There are some genres of dance that clearly have ballet in their roots. This is nothing new. Since the beginning of time, art forms have influenced each other. Many modern dance techniques (but not all), many Jazz techniques (but not all), and some newer genres such as contemporary and lyrical dance, can trace part of their heritage to the traditions of classical ballet. Classical ballet training provides a very specific esthetic, alignment, elongation, placement, strength and form of control that is foundational to ballet and the aforementioned genres that claim ballet in their roots. A dancer of any genre that embraces the very specific esthetic that ballet training produces will benefit from ballet training. (One of my colleagues has stated that Pilates and Yoga can provide the same benefits, and on this point I will respectfully disagree, but this is a small point in this particular discussion.) If a dancer is focused on a career in western concert dance genres such as modern, contemporary, Broadway style theater dance, some forms of jazz, etc., ballet training will help produce the desired technique and esthetic for which most choreographers, directors and producers are looking. Many Broadway shows (not all, it depends on the style) require a ballet audition. I should add that more and more works are being created for very commercial venues that are employing dance forms that are not based in this esthetic; most certainly a positive change.

The esthetic that ballet produces, however, is in no way the foundation of ALL DANCE.

We live on a very big planet and the diversity of cultures that populate the globe is both incredibly rich and incredibly vast. It would be impossible to discuss ALL dance forms. It would be impossible to simply compile a list. I will, instead, discuss a few forms to make a point.

I live in New York City. I was born here and I have spent my entire life here. I must qualify this discussion by stating that I am not well educated in Hip-Hop and street styles but I do live in a major urban center and these styles are all around me. If there are any inaccuracies in this article, I do welcome comments and corrections from my colleagues who were brought up, live and work in the Hip-Hop culture and industry. After all, if I can’t listen, how can I learn?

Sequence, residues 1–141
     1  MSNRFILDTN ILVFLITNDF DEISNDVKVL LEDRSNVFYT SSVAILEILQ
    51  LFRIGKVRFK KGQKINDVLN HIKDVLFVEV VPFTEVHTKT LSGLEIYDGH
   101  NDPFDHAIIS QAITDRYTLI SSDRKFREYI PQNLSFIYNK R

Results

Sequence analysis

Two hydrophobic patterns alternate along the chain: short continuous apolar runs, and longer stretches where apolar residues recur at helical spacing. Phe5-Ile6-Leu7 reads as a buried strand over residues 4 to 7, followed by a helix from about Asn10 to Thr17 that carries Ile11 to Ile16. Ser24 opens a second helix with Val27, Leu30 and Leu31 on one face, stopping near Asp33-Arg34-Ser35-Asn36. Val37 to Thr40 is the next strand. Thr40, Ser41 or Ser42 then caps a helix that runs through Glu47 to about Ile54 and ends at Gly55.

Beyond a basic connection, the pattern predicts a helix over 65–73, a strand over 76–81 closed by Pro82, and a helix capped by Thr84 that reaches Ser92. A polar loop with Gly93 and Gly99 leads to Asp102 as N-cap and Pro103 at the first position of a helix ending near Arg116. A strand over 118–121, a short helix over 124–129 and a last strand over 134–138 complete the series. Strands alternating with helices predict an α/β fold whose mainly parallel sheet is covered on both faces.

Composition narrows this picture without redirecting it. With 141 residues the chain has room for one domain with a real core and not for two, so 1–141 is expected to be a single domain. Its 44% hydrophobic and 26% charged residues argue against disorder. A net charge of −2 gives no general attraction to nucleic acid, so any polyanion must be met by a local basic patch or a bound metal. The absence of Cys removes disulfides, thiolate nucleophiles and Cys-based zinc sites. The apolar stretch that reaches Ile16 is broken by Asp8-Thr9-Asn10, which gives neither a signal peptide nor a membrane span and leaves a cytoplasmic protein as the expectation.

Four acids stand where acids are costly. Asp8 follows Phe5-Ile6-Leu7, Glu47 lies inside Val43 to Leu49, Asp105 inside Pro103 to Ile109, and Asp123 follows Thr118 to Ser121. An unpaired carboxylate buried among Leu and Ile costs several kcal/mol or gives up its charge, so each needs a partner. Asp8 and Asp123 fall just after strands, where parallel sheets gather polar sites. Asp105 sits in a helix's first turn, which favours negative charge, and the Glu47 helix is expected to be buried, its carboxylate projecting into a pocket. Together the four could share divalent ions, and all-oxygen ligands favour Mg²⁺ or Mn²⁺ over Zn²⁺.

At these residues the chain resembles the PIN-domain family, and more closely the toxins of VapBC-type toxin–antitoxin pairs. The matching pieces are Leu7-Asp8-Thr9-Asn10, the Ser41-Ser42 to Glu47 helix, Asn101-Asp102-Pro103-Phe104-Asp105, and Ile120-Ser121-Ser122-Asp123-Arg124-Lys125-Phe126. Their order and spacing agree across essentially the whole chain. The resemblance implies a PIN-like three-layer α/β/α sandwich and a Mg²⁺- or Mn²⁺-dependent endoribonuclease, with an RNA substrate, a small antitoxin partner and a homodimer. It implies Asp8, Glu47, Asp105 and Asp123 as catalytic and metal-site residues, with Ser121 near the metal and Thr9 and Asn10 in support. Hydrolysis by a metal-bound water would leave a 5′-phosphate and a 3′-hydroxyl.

A number of years ago I was asked to join the faculty of Cora Dance as a ballet teacher. Cora Dance makes it’s home in the Red Hook section of Brooklyn. This is not a competition studio. It is a school dedicated to teaching dance to children as a means of passing on art and enriching lives. Period. Seeing the Hip-Hop being taught at this studio was a revelation. This was not the Hip-Hop that I saw in the social media videos coming out of neighborhood studios and dance competitions. This Hip-Hop was a completely different thing. It was thrilling, exciting, innovative, energized, incredibly musical and it literally took my breath away. It was here that I started learning what little I know about Hip-Hop culture, training and how the dance forms are taught and passed on. But the most import thing I realized watching these classes was that ballet was absolutely and in no way part of this art form. In fact, in my opinion, ballet could interfere with Hip-Hop training as the esthetic is so very different. Similarly, it appears to me (please correct me if I’m wrong) that ballet could interfere with certain styles of tap dance. I can’t imagine that ballet could be foundational, or even helpful in any way, to the work of Jason Samuels Smith (with whom I have worked when he was a child) or Savion Glover. The style of Jazz that I teach is clearly rooted in Ballet (as well as the Modern Dance techniques of Michio Ito and Doris Humphries). Luigi acknowledged the ballet foundation in his work and often credited his teacher, the great Bronislava Nijinska. But Luigi’s work (and much of the Jazz taught at dance studios across the country) is just a TINY PART of what Jazz dance actually is. The real beginnings of Jazz the real foundation at the base of the great tree that is Jazz is in African Dance and the dance forms of African Americans. It would be ludicrous to think that ballet is at the foundation of the work of Pepsi Bethel or the performances of the great star Josephine Baker. In my opinion, ballet training would have interfered with the magic that these luminaries brought to the stage. The subject of Jazz and its roots is beautifully discussed in the film Uprooted – The Journey of Jazz. It was indeed an honor and a privilege to have been part of this film.

There are countless dance forms that have been developed in every corner of the world; dance forms that have had no contact with the ballet technique that started developing centuries ago in France, later spreading and continuing its development throughout Europe. These forms are rich and beautiful and varied and have absolutely no basis in or connection to ballet technique.